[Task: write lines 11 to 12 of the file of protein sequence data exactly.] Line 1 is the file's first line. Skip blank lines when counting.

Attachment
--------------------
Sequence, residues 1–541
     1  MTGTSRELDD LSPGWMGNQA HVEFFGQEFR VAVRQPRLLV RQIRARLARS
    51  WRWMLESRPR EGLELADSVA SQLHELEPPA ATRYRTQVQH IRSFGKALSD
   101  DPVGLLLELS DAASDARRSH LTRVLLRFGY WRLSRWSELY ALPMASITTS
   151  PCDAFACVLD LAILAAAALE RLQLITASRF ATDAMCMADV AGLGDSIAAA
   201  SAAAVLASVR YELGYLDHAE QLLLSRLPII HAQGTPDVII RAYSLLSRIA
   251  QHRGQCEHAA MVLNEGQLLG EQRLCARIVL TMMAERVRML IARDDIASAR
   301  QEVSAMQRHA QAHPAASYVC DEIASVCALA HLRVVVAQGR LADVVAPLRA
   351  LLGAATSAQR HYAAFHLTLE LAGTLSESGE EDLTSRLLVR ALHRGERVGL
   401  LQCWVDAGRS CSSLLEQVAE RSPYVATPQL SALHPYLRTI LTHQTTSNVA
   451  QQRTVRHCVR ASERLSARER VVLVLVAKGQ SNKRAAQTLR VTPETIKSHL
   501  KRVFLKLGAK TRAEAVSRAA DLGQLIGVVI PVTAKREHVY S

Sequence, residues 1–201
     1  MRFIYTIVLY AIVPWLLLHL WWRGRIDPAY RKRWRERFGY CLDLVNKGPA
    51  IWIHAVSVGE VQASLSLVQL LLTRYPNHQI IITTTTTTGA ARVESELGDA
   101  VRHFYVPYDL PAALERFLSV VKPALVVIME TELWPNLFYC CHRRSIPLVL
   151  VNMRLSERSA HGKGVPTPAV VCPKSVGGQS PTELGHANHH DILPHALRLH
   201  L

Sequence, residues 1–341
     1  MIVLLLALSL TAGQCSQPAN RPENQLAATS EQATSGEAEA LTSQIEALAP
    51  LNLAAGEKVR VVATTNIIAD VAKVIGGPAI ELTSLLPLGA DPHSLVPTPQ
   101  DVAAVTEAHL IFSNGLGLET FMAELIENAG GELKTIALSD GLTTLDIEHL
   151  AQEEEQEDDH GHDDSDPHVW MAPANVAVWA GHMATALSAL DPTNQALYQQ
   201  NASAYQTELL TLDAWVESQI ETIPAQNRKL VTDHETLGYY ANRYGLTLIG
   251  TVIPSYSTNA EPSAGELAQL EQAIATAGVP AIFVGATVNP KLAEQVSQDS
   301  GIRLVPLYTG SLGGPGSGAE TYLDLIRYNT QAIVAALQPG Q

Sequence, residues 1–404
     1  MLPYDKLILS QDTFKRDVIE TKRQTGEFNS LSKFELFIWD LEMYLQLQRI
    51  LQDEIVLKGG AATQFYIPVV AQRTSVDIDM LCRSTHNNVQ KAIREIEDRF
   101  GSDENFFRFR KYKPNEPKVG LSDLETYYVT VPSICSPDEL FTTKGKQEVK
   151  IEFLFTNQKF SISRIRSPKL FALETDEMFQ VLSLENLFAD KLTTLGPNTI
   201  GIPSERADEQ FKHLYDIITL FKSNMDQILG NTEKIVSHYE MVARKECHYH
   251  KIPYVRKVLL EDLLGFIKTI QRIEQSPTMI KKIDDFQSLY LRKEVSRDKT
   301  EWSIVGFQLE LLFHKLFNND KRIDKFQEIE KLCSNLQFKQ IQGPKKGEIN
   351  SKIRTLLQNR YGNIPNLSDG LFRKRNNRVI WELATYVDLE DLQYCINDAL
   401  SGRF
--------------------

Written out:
   451  QQRTVRHCVR ASERLSARER VVLVLVAKGQ SNKRAAQTLR VTPETIKSHL
   501  KRVFLKLGAK TRAEAVSRAA DLGQLIGVVI PVTAKREHVY S